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J Adolesc Health. 1999 May;24(5):313-20.

Adolescents' pregnancy intentions: relations to life situations and caretaking behaviors prenatally and 2 years postpartum.

Author information

  • 1Department of Pediatrics, University of California, San Diego Medical Center, 92103-8449, USA.

Abstract

PURPOSE:

This study explores if and how adolescents' pregnancy intentions relate to life situations and health-related behaviors prenatally and up to 2 years postpartum.

METHODS:

Adolescent girls who reported that they had "wanted a baby" (n = 75) as their reason for pregnancy were compared with those who reported that the pregnancy "just happened" (n = 79) at four separate time periods: prenatally, at 6 and 24 months postpartum, and at 18 months postpartum for teens who became pregnant again subsequent to the study pregnancy.

RESULTS:

Those who stated that they wanted a baby were more likely to be Hispanic, married, and out of school before becoming pregnant. They were less likely to receive welfare as their primary means of support and to have run away from home in the past than teens who stated that their pregnancy just happened. Self-reported reason for pregnancy was unrelated to repeat pregnancy by 18 months postpartum, but those who had wanted the study baby were less likely to undergo elective termination of a subsequent pregnancy and less likely to become pregnant by a different partner. The groups diverged at 24 months postpartum when those who wanted a baby were more likely to be married to the father of the baby, be financially supported by him, receive child care assistance from him, and have attempted or succeeded at breastfeeding the study child.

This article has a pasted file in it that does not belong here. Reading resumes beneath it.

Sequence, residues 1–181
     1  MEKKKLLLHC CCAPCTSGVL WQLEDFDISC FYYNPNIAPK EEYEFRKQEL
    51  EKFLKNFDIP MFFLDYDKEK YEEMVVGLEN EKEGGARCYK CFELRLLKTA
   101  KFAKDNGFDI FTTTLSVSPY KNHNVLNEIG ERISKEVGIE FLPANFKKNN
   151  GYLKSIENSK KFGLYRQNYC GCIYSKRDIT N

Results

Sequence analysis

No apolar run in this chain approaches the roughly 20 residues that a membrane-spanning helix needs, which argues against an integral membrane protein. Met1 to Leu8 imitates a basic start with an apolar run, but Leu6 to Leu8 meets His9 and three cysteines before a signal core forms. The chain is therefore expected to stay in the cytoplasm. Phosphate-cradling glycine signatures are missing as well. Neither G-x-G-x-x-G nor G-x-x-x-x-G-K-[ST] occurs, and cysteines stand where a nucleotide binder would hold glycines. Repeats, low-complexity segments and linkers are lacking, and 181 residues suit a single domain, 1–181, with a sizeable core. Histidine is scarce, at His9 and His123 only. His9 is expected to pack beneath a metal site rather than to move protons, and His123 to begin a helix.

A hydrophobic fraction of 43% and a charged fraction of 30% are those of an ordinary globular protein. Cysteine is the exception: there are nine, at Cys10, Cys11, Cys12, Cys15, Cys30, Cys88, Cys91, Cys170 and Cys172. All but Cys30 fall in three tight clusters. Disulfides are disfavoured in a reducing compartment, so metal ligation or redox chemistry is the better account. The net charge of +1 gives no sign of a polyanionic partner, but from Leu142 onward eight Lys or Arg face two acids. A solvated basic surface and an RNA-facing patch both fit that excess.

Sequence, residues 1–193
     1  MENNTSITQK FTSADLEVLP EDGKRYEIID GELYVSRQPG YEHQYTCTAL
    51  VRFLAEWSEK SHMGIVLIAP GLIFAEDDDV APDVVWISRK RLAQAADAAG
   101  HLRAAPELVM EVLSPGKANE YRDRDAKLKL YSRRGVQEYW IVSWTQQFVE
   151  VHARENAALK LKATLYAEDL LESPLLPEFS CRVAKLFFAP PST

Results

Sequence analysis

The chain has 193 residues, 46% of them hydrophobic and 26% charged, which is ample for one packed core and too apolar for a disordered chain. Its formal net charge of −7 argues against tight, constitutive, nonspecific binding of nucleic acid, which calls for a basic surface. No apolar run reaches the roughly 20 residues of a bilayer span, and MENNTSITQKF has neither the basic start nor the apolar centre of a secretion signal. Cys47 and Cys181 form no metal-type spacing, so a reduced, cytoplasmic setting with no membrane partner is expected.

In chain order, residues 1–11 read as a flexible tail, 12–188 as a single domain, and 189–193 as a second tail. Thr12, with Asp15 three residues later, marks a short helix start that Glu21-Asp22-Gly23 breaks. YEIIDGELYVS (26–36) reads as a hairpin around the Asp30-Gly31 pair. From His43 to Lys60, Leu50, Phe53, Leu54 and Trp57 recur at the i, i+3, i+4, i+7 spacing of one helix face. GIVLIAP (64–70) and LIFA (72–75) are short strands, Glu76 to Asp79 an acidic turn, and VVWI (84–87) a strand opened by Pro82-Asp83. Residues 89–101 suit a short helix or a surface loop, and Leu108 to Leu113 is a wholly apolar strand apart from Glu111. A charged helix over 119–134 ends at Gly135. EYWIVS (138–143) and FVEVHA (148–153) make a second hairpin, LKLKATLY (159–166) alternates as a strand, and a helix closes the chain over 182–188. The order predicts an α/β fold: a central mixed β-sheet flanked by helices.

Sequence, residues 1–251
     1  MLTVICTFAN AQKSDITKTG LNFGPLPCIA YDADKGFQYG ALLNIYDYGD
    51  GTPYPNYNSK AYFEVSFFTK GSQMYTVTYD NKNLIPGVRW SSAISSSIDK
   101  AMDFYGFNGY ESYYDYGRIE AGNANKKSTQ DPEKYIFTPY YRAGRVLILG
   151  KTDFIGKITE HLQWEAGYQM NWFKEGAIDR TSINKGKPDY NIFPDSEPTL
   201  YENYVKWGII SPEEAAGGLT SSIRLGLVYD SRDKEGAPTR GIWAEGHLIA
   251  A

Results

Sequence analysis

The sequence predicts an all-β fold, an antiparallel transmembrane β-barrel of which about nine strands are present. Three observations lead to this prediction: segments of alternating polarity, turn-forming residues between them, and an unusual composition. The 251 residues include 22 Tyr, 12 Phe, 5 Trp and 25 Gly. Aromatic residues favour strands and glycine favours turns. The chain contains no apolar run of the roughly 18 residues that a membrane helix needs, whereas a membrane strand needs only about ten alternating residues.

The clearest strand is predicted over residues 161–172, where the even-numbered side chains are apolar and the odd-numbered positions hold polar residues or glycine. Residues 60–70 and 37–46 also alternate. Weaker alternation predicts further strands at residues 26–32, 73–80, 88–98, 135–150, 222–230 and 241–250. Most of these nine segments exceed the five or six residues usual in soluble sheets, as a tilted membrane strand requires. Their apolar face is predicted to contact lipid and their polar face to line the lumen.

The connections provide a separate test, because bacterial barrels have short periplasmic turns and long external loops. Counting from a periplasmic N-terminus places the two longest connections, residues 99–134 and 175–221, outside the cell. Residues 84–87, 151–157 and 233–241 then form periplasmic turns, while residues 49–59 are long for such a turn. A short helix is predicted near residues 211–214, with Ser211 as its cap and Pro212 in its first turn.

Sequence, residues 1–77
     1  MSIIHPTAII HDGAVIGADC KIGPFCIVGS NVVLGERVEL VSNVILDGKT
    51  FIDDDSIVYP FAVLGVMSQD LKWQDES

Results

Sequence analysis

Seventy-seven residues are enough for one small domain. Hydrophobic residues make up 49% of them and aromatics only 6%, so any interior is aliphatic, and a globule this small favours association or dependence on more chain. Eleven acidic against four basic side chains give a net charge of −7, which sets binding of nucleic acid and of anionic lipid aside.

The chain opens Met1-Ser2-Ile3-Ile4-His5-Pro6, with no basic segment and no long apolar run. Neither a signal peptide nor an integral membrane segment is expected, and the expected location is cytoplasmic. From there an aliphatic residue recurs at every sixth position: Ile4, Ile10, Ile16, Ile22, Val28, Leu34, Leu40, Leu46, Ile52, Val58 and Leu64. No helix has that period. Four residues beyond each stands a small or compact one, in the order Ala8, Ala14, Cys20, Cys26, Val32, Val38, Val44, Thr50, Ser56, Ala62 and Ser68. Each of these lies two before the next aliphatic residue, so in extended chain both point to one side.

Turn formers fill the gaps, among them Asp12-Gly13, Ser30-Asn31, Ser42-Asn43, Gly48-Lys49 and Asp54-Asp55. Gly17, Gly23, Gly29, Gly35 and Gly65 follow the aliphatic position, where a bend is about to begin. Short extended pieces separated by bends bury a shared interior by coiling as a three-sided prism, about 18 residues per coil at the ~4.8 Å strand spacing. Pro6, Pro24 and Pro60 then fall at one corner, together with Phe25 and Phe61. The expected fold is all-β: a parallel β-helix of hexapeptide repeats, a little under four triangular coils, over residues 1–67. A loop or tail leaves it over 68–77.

CONCLUSION:

Self-reported reason for pregnancy reveals many important characteristics of pregnant adolescents both at the time of presentation and up to 2 years postpartum. Young women in this study who reported intentional pregnancy seem to fare better with regard to their financial status and their relationship with the father of the baby.

PMID:
10331837
[PubMed - indexed for MEDLINE]
PMCID:
PMC3864670
Free PMC Article
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